>This post is all about teaching an old dog new tricks. It is not my imagination. I can tell, with each passing year, that I am losing brain function along with 1) patience, 2) near vision, 3) a waistline. I am extremely crabby now and have become my dad about some petty things (“my way or the highway”), but I hope I can remain open-minded, flexible, adaptable about the important things. Those who cannot adapt are doomed to extinction. However, when it comes to crochet tools, I am stubborn (some would say loyal) about my hooks.
I remember my mother teaching me to crochet, but not the exact hooks she put in my hands. Today I see she uses Boye hooks, so I assume Boye hooks were the ones of my early experience. I also see that Mom holds her hook with a pencil grip and wraps the feeder yarn firmly around her fingers. It dawns on me why I never took to crochet as a young girl. I must have tried it her way, learning by example. No wonder I ran away. It musta been awkward and uncomfortable. There was no way for me to have known that crochet could be done differently.
As an adult, I figured out that I’m a knife-hold crocheter, that I could relax the tension, and that I much prefer Susan Bates hooks. I’ve used Bates aluminum hooks for twenty years and have had little reason to try any others until recently. With so much crochet work on my plate as a designer, I’m finding the standard aluminum handles are cold and thin, two major contributors to hand fatigue.
I sampled all kinds of hooks in an effort to find a happy alternative, from plastic to bamboo to rosewood to maple and back again. My current favorite is a gorgeous hand crafted and carved hook from Grafton Fibers. It had better be perfect, after I beat up Tom over and over until he got it right! But I do not use my custom hooks for design work. Plastic hooks do not work for me at all. Bamboo hooks are nice, they are warm, but do not have a flattened grip to help me keep the tip from rotating, so they caused even more fatigue. When Susan Bates came out with a bamboo handled aluminum hook a couple of years ago, that became my go-to tool, and I was satisfied.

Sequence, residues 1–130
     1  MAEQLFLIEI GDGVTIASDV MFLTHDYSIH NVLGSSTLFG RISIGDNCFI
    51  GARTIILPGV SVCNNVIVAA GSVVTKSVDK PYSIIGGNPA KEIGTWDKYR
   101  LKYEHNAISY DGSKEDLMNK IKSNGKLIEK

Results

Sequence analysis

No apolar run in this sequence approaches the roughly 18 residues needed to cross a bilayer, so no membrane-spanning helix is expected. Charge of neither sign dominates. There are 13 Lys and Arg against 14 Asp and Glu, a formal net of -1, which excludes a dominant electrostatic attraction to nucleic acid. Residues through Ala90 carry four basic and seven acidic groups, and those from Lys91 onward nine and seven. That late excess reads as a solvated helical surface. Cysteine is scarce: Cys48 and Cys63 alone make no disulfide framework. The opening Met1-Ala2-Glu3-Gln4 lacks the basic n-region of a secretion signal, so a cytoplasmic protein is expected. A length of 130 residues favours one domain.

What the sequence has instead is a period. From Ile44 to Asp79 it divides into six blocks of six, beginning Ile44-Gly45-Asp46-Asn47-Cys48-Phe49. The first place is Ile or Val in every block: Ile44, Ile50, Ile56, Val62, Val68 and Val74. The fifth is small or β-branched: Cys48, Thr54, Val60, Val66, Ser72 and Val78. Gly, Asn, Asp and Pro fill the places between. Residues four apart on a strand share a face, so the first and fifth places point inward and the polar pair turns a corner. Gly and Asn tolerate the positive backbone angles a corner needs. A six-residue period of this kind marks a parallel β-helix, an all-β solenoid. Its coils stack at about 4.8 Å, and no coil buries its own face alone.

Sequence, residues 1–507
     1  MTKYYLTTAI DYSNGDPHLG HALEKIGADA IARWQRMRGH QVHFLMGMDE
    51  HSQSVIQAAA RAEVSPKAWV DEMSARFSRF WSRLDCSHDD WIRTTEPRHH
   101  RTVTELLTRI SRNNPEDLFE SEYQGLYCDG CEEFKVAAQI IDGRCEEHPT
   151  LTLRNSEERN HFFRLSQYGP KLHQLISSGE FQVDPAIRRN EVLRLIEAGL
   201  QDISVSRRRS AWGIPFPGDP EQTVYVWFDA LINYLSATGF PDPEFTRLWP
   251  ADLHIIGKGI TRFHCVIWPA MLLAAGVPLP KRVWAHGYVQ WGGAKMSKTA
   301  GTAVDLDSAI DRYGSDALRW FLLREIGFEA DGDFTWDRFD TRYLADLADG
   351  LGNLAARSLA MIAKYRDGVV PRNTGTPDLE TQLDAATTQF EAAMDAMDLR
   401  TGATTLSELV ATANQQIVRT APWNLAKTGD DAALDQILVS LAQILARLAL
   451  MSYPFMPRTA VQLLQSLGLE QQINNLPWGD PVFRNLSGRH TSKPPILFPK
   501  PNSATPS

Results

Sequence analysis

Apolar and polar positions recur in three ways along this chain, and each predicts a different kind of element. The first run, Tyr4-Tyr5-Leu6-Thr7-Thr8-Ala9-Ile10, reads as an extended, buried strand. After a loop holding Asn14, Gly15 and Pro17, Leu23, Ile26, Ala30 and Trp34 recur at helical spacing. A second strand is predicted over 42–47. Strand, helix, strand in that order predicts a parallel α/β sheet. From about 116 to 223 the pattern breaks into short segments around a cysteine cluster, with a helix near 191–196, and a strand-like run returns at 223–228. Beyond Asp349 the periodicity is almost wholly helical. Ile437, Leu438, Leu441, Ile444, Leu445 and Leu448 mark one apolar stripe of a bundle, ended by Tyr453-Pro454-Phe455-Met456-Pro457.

So understand, when my friend Vashti steered me to an exhibitor at the recent TNNA show in Columbus, Tulip Co., a Japanese manufacturer of handcrafting tools, I was ready to dig in my heels and resist. Kang Hyo Min, manager in Planning and Development, showed us Tulip Co.’s latest hooks, Etimo. Mr. Kang encouraged us to play with hooks and yarn provided, and we dutifully swatched up some stuff. WOWSERS! I could not let go of this hook. At the risk of sounding like a fracking commercial, this is the ultimate crochet tool on the planet.
The hook head is aluminum, but incredibly smooth, more highly polished than any I’ve seen, shaped somewhere between the bulbous Boye type and the in-line Bates type. In other words, the tip is tapered like the Boye, but with less of a bulb. The throat is not as pinched, is shorter, and returns to proper hook diameter sooner than the Boye. Etimo hooks have a shallower slot than my usual Bates, very similar in that way to the silhouette of Clover hooks. And unlike some other overseas manufacturers, Tulip makes their hooks in millimeter sizes that correspond exactly to American standard sizes, including the hard-to-find G-7 (4.5mm). That alone is enough for me to stand up and cheer! But there’s more to love.
The handle is made from a special kind of rubber, elastomer (as opposed to the hard ABS plastic grip of the Clover Soft Touch), that is bouncy, with a suede-like texture. The grip is hand shaped (as opposed to the cylindrical grips of the Addi and Bates Bamboo handle hooks) and the “fit” for me is perfect. One real problem I have with the Bates Bamboo handles is that the finish gets sticky, especially if you slather hand cream as frequently as I do, and it is a stickiness that never goes away. The Etimo elastomer handles never get sticky or tacky, no matter what. The surface actually seems to thrive on rich hand cream.
Mr. Kang sent me a set of Etimo hooks to try and they have become my tools of choice. I admit, it took a bit of getting used to at first. The shallower slot means that the tip is less hook-y than my usual Bates. In order to keep the yarn from slipping out of the hook, I find myself applying a teeny bit more tension and a touch of rotation. These subtle changes could ulimately affect my gauge, particularly when crocheting tall stitches, but no matter. I am a convert.
Etimo hooks will not be cheap, probably a dollar or two more than the other more widely distributed Japanese rival hooks, Clover Soft Touch, which retail for $6.99 each. But this tool will last a long time, and must be considered a worthwhile investment. As of today I am aware of no USA distributor or retailer of Tulip Etimo crochet hooks. But that will change.